Former Nun Loses Defamation Appeal

     CHICAGO (CN) – A former nun must pay for defaming two men who once supported her devotions, but she cannot be enjoined from making any statements at all about them again, the Seventh Circuit ruled.
     In 1956, Sister Mary Ephrem, a member of the Congregation of the Sisters of the Precious Blood, claimed to have experienced an apparition of the Virgin Mary in which Mary told her, “I am Our Lady of America.”
     Inspired by her visions, she formed a contemplative cloister devoted to Our Lady of America and lived there with other sisters until her death in 2000. The sisters took simple vows, but not the solemn vows that distinguish nuns from sisters.
     Ephrem, who was born Mildred Neuzil, willed all her property to Sister Mary Joseph Therese, who also took over their Fostoria, Ohio-based congregation.
     Kevin McCarthy and Albert Langsenkamp approached Sister Therese in 2005 to help support her devotions, but the trio had a falling out two years later and wound up in federal court, with each side accusing the other of theft, fraud and defamation.
     The court record identifies the religious sister by her birth name, Patricia Fuller.
     Paul Hartman, a retired postal inspector, came to Fuller’s aid, and emailed leaders of the Catholic Church denouncing McCarthy and Langsenkamp. He also posted his denunciation on his blog, describing the two men as “two sharks from Indianapolis,” who had “hijacked the devotion from Sister Joseph Therese and Our Lady o f America Center, all for their personal profit and gain.”
     McCarthy and Langsenkamp accused Fuller and Hartman of defaming them, by claiming online that they swindled Fuller for $750,000, forged her signature to seize control of the Our Lady of America website, and stole a statue of Our Lady of America.
     Fuller counterclaimed that plaintiff were indeed responsible for these deeds, and allegedly defamed her by called her a “fake nun.”
     McCarthy did not deny this last claim, but presented a statement from the Holy See, the governing body of the Roman Catholic Church, declaring that Fuller is no longer a nun or a religious sister.
     The Seventh Circuit agreed with McCarthy that the court, a secular body, could not decide whether Fuller was a nun or not.
     The Holy See, in response to the appeals court’s request, submitted a 51-page brief affirming that Fuller was not a member of any religious organization recognized by the Vatican.
     A jury later ruled in McCarthy and Langsenkamp’s favor, awarding them $150,000 in compensatory damages, and $200,000 in punitive damages.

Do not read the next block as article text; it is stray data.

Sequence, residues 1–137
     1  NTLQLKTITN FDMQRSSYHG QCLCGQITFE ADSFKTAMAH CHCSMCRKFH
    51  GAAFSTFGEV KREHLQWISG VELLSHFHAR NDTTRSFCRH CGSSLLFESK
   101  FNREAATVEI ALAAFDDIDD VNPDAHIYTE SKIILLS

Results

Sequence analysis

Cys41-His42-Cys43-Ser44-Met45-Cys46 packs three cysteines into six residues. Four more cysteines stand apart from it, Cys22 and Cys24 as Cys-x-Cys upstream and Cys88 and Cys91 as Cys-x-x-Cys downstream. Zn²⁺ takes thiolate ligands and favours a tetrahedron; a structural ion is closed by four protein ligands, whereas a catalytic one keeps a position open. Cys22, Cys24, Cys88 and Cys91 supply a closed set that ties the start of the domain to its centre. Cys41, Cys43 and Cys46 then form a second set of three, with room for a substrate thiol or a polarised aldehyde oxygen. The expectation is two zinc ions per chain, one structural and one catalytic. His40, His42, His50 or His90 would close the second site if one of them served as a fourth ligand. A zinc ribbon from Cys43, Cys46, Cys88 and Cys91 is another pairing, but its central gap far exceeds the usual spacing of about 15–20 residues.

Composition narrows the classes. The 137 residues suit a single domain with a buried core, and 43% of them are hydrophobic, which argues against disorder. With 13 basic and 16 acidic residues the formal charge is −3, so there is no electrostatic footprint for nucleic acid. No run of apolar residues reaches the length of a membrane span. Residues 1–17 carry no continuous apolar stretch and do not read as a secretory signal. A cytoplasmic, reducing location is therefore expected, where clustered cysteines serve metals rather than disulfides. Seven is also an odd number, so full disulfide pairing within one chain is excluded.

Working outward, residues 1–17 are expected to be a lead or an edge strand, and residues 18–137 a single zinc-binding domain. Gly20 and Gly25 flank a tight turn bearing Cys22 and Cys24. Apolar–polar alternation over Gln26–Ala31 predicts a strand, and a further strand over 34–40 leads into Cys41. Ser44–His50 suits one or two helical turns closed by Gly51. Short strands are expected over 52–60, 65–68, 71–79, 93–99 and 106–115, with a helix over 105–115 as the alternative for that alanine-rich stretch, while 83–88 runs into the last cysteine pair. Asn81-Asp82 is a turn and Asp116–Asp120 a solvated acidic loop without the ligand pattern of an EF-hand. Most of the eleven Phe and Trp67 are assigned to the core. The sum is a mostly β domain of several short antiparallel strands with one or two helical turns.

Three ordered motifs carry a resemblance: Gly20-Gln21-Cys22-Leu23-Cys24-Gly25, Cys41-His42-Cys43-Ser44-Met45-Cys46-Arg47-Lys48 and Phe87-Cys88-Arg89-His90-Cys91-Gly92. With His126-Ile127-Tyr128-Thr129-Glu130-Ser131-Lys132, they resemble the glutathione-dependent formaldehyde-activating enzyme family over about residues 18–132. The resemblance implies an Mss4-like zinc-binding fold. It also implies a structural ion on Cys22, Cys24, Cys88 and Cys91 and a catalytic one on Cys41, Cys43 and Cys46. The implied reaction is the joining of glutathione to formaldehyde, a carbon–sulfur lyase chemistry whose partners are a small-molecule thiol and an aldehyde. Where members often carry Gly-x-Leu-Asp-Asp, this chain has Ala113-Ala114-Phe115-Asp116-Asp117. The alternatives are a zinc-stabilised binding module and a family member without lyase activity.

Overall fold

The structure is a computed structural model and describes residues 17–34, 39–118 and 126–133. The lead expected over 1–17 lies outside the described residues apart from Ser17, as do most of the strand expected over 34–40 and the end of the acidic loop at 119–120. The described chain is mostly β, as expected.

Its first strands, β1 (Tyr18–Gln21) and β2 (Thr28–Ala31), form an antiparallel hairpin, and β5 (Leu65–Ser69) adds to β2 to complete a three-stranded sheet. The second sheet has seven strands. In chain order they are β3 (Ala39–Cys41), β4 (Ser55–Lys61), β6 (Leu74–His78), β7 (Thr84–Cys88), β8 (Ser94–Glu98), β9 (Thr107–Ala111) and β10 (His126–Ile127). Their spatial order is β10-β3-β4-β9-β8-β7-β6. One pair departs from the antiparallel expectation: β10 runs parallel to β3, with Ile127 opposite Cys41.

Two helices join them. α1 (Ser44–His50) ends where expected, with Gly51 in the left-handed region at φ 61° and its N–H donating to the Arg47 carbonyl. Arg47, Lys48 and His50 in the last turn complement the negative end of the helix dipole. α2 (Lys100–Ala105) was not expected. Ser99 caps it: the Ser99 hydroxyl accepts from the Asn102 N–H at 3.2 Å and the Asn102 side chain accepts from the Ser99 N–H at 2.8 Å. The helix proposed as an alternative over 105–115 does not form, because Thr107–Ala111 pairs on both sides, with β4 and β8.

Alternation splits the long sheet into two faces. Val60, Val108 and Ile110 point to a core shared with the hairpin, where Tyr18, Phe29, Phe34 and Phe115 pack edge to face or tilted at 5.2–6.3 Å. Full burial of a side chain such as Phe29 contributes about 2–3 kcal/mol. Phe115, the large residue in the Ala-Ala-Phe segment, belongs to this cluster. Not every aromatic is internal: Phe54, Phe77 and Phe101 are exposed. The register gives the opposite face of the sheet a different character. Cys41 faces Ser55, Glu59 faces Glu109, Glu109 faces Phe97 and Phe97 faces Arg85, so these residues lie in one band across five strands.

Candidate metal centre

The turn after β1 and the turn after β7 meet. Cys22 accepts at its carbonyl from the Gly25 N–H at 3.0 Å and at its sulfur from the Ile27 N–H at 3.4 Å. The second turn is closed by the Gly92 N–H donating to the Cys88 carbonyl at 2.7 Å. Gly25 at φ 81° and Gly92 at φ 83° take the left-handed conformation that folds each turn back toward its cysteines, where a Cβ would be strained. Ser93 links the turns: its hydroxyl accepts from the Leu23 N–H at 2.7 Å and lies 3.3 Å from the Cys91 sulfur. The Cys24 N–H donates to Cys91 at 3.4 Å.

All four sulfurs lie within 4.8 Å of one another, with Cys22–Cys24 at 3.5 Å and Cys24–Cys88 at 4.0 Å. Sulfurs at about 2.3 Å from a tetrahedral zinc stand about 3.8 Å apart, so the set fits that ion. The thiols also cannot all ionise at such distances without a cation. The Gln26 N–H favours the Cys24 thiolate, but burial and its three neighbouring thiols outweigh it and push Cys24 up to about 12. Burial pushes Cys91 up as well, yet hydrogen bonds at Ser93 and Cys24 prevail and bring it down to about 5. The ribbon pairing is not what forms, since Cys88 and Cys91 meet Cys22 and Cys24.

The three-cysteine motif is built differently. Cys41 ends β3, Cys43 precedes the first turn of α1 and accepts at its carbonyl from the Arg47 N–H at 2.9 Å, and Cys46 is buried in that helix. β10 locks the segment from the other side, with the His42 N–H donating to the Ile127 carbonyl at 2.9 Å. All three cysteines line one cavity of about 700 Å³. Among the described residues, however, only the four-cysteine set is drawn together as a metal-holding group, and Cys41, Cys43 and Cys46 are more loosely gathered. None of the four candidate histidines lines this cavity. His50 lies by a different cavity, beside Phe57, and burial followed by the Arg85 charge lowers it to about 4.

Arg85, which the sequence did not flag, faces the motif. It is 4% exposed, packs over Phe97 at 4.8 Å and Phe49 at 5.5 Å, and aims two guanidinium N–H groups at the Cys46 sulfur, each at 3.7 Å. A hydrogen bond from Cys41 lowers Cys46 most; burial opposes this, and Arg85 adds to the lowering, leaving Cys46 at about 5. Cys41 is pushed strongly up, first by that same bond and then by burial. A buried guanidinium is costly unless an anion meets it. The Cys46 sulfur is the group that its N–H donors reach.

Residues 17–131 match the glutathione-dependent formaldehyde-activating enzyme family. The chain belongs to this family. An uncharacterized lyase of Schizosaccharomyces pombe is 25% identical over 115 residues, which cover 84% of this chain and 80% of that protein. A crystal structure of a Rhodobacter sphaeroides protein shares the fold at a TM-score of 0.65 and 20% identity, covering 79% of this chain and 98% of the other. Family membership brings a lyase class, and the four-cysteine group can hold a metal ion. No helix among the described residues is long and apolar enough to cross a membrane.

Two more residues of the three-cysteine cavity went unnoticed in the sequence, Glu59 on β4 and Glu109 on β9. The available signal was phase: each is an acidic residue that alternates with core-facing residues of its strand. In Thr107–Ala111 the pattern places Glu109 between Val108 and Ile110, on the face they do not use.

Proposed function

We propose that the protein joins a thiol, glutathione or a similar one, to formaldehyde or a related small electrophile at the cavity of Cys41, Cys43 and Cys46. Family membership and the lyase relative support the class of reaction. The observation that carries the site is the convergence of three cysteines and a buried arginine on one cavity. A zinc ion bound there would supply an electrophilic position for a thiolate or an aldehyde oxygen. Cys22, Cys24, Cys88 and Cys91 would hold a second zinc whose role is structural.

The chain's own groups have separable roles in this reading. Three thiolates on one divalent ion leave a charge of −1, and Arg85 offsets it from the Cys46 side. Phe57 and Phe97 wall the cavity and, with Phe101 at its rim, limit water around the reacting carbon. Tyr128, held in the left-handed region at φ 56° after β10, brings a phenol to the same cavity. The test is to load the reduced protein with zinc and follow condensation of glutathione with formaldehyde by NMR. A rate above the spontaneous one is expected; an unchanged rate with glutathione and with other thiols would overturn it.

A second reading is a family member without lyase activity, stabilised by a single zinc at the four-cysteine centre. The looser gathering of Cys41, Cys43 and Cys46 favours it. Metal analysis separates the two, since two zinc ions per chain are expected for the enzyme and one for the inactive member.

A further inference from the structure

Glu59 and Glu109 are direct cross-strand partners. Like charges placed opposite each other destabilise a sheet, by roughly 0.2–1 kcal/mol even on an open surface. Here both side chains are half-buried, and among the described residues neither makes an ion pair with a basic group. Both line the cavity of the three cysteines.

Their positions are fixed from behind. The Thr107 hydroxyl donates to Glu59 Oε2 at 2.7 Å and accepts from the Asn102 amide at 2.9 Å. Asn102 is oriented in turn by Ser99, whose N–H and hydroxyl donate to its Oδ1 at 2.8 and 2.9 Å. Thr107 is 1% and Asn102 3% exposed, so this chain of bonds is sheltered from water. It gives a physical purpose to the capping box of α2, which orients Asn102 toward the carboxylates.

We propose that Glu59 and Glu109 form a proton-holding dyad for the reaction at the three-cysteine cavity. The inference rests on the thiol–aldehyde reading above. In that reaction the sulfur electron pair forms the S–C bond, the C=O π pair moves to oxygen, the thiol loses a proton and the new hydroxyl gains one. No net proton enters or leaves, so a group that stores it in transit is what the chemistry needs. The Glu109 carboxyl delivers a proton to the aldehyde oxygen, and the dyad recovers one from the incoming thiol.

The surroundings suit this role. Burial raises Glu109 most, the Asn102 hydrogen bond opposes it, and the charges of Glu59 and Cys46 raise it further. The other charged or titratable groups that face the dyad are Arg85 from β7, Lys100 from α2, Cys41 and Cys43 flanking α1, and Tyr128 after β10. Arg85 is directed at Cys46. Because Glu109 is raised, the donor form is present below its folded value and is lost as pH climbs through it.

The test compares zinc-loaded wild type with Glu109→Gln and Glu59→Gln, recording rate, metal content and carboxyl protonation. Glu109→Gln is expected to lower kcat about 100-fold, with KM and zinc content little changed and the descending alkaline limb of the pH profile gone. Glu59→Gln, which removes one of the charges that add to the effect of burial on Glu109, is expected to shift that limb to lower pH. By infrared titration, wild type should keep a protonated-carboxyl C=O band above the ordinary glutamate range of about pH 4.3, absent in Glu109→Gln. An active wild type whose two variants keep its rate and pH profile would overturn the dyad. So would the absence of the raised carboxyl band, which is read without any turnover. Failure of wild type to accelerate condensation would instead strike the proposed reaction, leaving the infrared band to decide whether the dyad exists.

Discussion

The district court also issued an injunction forbidding Fuller and Hartman from making any statements similar to the nine defamation claims submitted to the jury.
     On appeal, the Seventh Circuit upheld the damages award, but vacated the injunction.
     “An injunction against speech harms not just the speakers but also the listeners. The injunction in this case is so broad and vague that it threatens to silence Fuller and Hartman completely,” U.S. Circuit Judge Richard Posner said, writing for the three-judge panel.
     The jury’s decision in plaintiffs’ favor did not indicate which charges of defamation they believed had been proved, whether just one or all nine.
     “The judge could have based the injunction on his own assessment of the evidence, since the issuance of an injunction is the responsibility of the trial judge rather than of the jury. But he didn’t do that; he accepted the plaintiffs’ formulation of the injunction without considering the defendants’ response, because it was untimely, even though the preamble to the injunction was a patent violation of the First Amendment,” Posner said.
     U.S. Circuit Judge Diane Sykes concurred in the majority’s opinion, but said that she would not allow the lower court the opportunity to amend the injunction.
     “We have no idea which specific statements the jury found to be false and defamatory; we have only the equivalent of a general verdict that the defendants are liable for defamation. That kind of verdict doesn’t contain the necessary factual findings to support the issuance of a permanent injunction,” Sykes said.

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